Monday, February 27, 2006

What if Microsoft marketed the iPod?

Friday, February 10, 2006

Finally gone and done it - the SPV M5000


After my previous post extolling the virtues of the SE p990i I thought long and hard about which smartphone to get next, and waited and waited and waited, and finally couldn't wait any more and so bought the SPV M5000.

I will write up my findings on here as soon as time allows...

Does Notes really suck? And either way, who says it does?


A posting entitled "I Love Lotus Notes" got my attention last month. Here was a guy willing to stand up and counter many of the anti-Notes comments that are out there in the blogosphere. As we all know, Notes has long been a "love it or hate it" app - one that developers and administrators have loved, and some users have hated.

Now, my view (as someone who has at one time or another sat in all three camps) is that there are indeed things to dislike (I still think that "sucks" or "hate" is too much, and is disrespectful to those who have spent lifetimes developing the product, or implementing it at your site) about Notes, but there are no more things to hate that in any other significant software product - Outlook, IE, Word, Photoshop, Oracle etc. etc. They all have their pros and cons, their standards and quirks, their intuititives and their gotchas - that's just how it is.

This is the way of life - if I went back through the cars I have owned or driven in my adult life, each one of those would have features that were standard and intuitive (pedals, door handles, sun visors) and those that were irritating, niggly or nonsensical (switch positions, useless stereos, appalling tyre wear etc.). The same could be said of houseold appliances, computers generally, or my VCR! Technology is an inexact science, things aren't perfect and in all likelyhood, never will be. Users have different expectations, likes, wants and needs, which will never be fulfilled by one product, vendor or technology - if that wasn't the case, then the technology wouldn't be the vibrant sector it is and CES and other trade shows wouldn't have the thousands of stands that they do.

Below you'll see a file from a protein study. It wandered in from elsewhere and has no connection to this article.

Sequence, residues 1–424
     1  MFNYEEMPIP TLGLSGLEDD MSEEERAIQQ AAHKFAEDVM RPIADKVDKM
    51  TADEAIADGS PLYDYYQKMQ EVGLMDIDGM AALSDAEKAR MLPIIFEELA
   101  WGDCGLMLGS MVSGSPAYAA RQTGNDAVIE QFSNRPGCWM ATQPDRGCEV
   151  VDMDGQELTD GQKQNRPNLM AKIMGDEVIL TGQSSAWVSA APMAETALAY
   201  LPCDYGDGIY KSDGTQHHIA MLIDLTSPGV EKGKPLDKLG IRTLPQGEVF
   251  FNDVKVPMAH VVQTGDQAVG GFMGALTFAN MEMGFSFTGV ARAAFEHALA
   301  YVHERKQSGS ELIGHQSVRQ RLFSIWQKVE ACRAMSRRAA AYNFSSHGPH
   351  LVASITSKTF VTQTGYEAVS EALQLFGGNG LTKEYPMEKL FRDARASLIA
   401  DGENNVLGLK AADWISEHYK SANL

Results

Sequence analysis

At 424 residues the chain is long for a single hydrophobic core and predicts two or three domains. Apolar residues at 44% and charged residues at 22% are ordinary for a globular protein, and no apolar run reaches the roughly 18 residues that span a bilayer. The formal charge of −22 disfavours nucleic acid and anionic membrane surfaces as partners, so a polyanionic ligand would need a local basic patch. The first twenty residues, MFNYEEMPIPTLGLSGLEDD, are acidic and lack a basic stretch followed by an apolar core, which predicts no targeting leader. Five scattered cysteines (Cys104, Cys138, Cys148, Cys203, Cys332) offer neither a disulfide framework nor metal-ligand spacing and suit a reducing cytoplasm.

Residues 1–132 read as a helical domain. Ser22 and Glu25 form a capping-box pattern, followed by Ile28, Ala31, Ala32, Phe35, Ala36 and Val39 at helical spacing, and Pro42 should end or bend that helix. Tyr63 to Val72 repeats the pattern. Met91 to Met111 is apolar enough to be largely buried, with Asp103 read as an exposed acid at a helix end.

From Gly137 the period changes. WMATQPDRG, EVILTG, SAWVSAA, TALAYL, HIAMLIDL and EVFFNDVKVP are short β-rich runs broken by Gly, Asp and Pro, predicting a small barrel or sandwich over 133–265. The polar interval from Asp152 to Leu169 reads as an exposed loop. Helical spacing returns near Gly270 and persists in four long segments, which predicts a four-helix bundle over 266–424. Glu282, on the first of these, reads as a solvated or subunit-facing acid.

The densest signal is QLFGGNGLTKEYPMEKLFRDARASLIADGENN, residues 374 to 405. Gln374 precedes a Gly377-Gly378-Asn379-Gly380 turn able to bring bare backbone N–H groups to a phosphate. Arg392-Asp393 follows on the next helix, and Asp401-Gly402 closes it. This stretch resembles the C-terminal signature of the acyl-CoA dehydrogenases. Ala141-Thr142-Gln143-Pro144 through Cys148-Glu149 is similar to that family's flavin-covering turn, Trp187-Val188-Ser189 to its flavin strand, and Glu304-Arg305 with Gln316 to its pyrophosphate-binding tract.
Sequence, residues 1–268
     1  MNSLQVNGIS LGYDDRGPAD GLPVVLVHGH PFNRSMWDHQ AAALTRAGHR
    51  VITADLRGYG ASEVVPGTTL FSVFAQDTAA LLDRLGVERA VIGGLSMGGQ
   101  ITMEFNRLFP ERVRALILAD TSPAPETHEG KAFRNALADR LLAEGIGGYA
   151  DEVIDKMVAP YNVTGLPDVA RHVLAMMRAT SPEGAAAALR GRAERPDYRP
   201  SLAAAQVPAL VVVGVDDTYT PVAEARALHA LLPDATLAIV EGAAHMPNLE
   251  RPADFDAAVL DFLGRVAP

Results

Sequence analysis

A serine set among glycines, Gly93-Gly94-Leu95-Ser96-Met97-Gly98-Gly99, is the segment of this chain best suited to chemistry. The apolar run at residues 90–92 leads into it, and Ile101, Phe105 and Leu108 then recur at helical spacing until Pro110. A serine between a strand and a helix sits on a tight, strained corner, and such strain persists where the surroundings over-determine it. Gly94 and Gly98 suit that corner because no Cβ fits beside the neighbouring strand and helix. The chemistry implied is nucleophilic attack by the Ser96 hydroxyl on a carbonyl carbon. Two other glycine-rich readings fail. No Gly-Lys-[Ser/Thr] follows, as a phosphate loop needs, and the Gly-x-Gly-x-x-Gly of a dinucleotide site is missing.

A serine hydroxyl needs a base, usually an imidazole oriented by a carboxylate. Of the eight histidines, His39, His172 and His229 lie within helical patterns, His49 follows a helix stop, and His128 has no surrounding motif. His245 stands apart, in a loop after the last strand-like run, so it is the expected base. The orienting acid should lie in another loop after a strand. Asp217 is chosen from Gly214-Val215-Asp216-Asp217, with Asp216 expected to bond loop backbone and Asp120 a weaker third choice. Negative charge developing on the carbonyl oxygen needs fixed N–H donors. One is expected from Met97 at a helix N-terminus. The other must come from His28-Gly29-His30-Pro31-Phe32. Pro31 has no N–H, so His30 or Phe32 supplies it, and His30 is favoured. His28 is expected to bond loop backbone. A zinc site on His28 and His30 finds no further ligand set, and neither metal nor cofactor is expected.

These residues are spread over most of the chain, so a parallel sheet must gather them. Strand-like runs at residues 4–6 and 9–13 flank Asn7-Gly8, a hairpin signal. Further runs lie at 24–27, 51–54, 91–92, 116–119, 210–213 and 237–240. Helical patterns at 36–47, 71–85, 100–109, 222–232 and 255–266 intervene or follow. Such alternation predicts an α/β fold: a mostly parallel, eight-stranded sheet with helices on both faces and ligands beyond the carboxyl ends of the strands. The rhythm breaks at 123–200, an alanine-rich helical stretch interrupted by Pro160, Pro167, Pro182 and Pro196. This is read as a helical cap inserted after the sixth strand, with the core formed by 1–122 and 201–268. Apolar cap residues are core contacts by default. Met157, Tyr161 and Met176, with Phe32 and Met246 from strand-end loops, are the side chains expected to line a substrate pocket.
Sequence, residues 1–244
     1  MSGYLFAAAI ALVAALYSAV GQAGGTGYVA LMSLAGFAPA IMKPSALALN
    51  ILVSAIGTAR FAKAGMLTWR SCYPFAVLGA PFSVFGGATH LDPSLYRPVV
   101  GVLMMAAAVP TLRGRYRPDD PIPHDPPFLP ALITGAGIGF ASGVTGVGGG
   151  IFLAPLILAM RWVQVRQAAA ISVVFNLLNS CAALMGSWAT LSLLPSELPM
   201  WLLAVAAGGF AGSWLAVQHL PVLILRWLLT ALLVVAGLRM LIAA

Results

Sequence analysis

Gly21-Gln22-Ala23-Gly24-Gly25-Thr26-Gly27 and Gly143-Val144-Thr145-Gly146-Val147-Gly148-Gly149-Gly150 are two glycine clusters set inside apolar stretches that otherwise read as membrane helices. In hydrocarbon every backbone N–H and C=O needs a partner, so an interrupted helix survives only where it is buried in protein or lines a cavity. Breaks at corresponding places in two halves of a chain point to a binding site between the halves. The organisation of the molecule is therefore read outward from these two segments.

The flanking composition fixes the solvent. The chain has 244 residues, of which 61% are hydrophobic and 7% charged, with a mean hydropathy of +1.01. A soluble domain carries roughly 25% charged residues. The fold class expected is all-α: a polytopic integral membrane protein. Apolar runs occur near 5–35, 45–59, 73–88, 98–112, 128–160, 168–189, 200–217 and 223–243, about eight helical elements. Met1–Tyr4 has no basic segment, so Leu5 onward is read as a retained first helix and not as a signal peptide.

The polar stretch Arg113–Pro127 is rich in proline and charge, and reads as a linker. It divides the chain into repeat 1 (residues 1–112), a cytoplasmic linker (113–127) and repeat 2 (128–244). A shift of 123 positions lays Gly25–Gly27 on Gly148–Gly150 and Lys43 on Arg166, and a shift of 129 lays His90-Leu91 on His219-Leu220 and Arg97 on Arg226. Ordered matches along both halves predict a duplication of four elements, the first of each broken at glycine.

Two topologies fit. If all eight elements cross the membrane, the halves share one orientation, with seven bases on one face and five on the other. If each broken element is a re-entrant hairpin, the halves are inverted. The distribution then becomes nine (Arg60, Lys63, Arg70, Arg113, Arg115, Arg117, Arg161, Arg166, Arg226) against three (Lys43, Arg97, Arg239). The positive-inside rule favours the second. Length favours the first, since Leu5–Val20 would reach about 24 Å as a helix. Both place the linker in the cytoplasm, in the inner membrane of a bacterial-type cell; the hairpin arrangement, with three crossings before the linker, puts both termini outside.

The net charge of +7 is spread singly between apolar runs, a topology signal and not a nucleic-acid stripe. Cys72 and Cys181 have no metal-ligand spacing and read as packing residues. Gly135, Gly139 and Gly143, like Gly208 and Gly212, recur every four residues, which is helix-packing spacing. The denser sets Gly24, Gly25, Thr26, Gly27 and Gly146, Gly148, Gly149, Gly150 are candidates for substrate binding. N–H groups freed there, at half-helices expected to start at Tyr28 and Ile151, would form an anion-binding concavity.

So given all that, we end up with sites like Notes Sucks, as well as blog entries saying "I hate Outlook" and thousands of others. Richard Schwartz has conducted an interesting piece of research on just how many of these sites are out there. That's the power of the Internet I guess - everyone gets to say their piece, to vent their frustration and to kick out at others or products that they perceive to fall short of the mark. Free speech is a double-edged sword.

My reason for writing? An article in the Guardian yesterday entitled "Survival of the Unfittest", extolling the author's perception that Notes is "used by 120 million people, of whom about 119m hate it", and proceeds to use dubious and ill-judged journalistic licence to prove his point, mostly by cutting and pasting from sites such as those listed above.

I will leave it to others such as Ed Brill and Ben Rose to tackle this article itself (please make sure you read the comments on each page), but my stance is that personal views are one thing and every user is entitled to hold, discuss and argue them to others. Where a journalist crosses the line and misuses and abuses his position in the media to not only state his own opinion, but to claim to voice the opinion of 119m others on the basis of a few anecdotes, rants and blog entries then he deserves to be hung out to dry.

Who knows how many other more serious Guardian artcles have been thrown together in this way? I for one will not be buying the Guardian again...